March 20, 2012

A new season brings some changes to Ocracoke businesses

By CONNIE LEINBACH


The sounds of spring—hammering and sawing—are in the air on Ocracoke, and visitors will notice some changes in island businesses.

 George and Janille Turner have been busy the last couple of months giving a facelift to their new restaurant, the Topless Oyster, along Irvin Garrish Highway in the former Jimmy’s Buffet, which had been Captain Ben’s for many years before that.

Oysters of all types will be a featured part of the menu, as well as some new foods to the island, says George, including low-country boil, authentic North Carolina barbecue, and George’s “killer Mexican salsa,” and his famous crab cakes, for which he has won “The Taste of the Bayou” contest.

“We’re also bringing back prime rib because people have asked for it,” George says.  “And we’ll have some of the items that used to be on the Captain Ben’s menu.”

The Turners are happy to be back in Ocracoke, where they lived for many years before moving to Dauphin Island, Ala., in 2007.  It is an island almost exactly like Ocracoke, Janille said as she added a coat of fresh paint to cabinet doors in the bar.

Dauphin Island, however, does have a bridge as well as ferry access.

But they longed to return to Ocracoke, and about a month before the BP oil spill, they put their Topless Oyster Raw Bar and Grill on the market.

“The oil spill took all the oysters away,” Janille says. “Businesses were dropping like flies.”

Joe returned to Ocracoke to manage the Jolly Roger while Janille stayed in Alabama for 11 months.  When Jimmy’s Buffet closed, they found their chance to fulfill their dream of owning a restaurant on Ocracoke.

The colorful new sign out front depicts local oyster catcher, Rex O’Neal.

“He’s a pillar of the community,” Janille says with a laugh, adding that the blue color they are painting the bar area is the color of Rex’s jacket.

The Topless Oyster Restaurant expects to be open any day now, as does the revamped Ocracoke Coffee Co., under new management by the husband-and-wife team of Justin and Joelle LeBlanc.

The LeBlancs, along with building owners Garrick and Jacqui Kalna, also have been busy the last several weeks giving a facelift to the popular gathering spot at Back Road and Sunset Drive.

There are new ceiling fans, a new ceiling, fresh paint, redone floors, and a new bathroom, among other improvements and personal touches.

“But we’ll have the same menu and the same crew” notes Justin between the myriad tasks of renovation, and they will be open the same hours.

We are excited to be here,” said Joelle, noting it is a dream come true for them, too. They had met the Kalnas several years ago and became friends.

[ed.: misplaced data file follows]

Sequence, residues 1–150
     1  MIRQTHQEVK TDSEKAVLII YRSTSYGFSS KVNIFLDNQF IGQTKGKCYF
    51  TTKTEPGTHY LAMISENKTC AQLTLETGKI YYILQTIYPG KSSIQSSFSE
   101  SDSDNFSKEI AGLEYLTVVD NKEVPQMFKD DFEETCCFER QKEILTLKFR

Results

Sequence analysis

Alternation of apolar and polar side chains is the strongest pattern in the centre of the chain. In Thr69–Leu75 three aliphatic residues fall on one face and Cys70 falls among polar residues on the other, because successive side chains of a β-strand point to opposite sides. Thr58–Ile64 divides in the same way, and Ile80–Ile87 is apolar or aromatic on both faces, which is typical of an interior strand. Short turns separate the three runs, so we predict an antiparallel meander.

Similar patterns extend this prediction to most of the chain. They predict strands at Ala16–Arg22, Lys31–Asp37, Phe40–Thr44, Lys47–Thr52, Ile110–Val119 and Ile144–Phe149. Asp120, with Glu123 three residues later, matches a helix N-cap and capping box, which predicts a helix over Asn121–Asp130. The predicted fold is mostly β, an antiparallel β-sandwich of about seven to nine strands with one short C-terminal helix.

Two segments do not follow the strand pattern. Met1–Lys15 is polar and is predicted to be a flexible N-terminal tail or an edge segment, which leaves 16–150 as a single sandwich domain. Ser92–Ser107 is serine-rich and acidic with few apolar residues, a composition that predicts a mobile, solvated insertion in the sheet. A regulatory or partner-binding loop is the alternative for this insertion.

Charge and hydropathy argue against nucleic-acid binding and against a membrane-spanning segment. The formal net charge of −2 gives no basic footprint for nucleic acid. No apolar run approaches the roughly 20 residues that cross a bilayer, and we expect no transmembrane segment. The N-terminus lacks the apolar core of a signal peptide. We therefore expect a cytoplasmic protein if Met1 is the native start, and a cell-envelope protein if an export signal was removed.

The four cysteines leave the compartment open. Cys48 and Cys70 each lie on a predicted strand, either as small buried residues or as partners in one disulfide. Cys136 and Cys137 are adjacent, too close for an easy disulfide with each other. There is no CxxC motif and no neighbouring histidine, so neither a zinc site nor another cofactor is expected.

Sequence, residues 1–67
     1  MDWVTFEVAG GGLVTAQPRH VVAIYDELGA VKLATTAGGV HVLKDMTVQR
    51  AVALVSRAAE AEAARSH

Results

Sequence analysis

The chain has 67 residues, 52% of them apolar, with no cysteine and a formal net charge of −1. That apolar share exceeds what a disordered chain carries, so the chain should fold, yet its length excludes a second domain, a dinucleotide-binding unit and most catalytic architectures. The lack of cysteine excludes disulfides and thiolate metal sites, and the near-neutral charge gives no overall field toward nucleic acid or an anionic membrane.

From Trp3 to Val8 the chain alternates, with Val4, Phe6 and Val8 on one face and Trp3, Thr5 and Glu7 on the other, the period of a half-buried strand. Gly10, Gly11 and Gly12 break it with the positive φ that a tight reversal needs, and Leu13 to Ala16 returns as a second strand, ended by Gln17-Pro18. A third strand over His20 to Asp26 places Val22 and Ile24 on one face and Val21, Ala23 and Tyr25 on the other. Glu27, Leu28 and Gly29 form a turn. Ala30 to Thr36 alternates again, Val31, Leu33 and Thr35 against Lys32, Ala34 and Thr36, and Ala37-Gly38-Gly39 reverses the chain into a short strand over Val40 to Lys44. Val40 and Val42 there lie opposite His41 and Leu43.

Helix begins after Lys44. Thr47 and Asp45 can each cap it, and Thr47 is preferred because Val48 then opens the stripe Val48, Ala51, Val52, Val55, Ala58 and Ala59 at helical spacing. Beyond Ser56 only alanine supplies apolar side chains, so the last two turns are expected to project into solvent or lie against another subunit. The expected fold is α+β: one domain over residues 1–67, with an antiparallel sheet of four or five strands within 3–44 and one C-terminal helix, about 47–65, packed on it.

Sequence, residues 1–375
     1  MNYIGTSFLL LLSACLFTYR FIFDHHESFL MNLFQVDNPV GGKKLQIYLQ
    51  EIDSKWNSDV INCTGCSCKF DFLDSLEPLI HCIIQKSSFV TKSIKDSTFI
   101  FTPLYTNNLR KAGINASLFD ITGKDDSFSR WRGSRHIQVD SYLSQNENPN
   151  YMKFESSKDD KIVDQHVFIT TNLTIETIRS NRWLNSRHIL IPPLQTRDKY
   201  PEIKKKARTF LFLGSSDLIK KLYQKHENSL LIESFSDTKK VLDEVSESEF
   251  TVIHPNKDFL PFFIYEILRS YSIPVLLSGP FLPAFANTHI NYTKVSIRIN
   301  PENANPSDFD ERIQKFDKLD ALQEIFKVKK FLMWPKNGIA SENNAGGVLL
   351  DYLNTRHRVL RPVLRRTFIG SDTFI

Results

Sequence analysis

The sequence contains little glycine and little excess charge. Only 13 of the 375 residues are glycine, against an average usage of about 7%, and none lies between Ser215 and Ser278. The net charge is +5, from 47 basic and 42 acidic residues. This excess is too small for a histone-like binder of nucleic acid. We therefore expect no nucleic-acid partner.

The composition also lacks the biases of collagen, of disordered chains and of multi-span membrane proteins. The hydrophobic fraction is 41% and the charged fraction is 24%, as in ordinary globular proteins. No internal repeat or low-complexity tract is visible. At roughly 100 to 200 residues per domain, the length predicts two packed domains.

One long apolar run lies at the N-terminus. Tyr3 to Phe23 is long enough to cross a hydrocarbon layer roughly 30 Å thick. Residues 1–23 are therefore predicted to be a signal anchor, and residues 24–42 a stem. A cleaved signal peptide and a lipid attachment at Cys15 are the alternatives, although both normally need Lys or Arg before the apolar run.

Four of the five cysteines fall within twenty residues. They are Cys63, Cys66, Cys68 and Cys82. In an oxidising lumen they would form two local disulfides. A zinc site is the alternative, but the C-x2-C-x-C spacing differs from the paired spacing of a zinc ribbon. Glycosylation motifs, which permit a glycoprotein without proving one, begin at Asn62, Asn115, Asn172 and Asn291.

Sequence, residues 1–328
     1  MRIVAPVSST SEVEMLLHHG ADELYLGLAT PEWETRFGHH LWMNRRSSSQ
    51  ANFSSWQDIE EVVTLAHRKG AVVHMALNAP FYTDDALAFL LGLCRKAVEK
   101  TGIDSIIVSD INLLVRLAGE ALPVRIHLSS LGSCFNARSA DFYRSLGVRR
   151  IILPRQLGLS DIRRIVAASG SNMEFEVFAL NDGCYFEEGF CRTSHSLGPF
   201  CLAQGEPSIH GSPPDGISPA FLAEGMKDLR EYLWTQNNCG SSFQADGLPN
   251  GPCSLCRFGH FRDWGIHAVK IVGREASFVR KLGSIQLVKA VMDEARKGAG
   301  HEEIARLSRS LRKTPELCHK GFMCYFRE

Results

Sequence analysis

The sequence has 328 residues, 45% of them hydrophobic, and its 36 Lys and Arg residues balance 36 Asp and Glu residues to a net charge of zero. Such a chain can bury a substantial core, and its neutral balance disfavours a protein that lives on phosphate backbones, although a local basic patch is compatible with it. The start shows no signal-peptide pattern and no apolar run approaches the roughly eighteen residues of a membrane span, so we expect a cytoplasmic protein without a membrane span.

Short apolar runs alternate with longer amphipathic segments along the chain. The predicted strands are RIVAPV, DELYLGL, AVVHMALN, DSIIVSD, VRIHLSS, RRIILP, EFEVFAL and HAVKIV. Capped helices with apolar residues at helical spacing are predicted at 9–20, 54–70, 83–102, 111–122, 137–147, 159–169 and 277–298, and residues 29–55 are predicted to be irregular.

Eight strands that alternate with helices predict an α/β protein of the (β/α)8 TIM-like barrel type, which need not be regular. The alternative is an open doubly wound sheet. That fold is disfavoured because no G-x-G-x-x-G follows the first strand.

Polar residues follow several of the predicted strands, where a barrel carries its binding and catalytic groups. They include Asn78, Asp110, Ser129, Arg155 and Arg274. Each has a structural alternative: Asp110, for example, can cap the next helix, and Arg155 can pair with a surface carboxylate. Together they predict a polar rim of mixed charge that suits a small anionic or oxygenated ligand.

After spending more vacation time on Ocracoke, the the LeBlancs, from Bethesda, Md., wanted to move to the island.

“It was serendipitous,” Justin says.  “Garrick and Jacqui knew we were itching to get here.  Over a couple of beers we agreed that this could work.”

A former elementary school learning specialist, Joelle said they moved to the island last June.

“The day school ended, we packed up and drove down,” she said.

The Kalnas will keep their island home but are heading to Aspen, Colo., before school starts to spend the year there.

“We’re just going to see how the year plays out,” says Jacqui.  “It will be an adventure.”

Islanders are disappointed that the Community Store closed in February after having been reopened in 2008 by Susan and James Paul.

The Pauls will concentrate on their ice cream shop across the parking lot.

In the meantime, David Senseney, owner of Community Square , and the Ocracoke Foundation, to whom Senseney signed a letter of intent to sell the entire square, will work together to get the store up and running.

“We want it to be a store,” notes Robin Payne, executive director of the Ocracoke Foundation.  “I worry about the village down here losing its human vitality.”

At grocery stores, locals and tourists connect, she says. That’s what she wants to retain.

“With the Community Center Project, everything’s about the waterfront and the store,” she said.

Management of the Silver Lake Motel and Inn has transferred to Ocracoke Island Realty, noted owner Peggy Wrobleski.

The lodging is undergoing a spring facelift and cleaning to be ready for opening before Easter.  The Jolly Roger, which she also owns, will open mid-April as weather permits. Most other island businesses should be open by Easter.

Laura Death, who has worked at the Ocracoke gas station for the last five years, is now managing the business as of Feb. 1.

She has extended the store’s open hours, added an arcade game, some lunch specials, WiFi, and adopted the cappuccino machine from the Community Store.  The station also will offer “offshore box lunches” for charter fishing folks and anyone else.

“We’re trying some new things,” she said.



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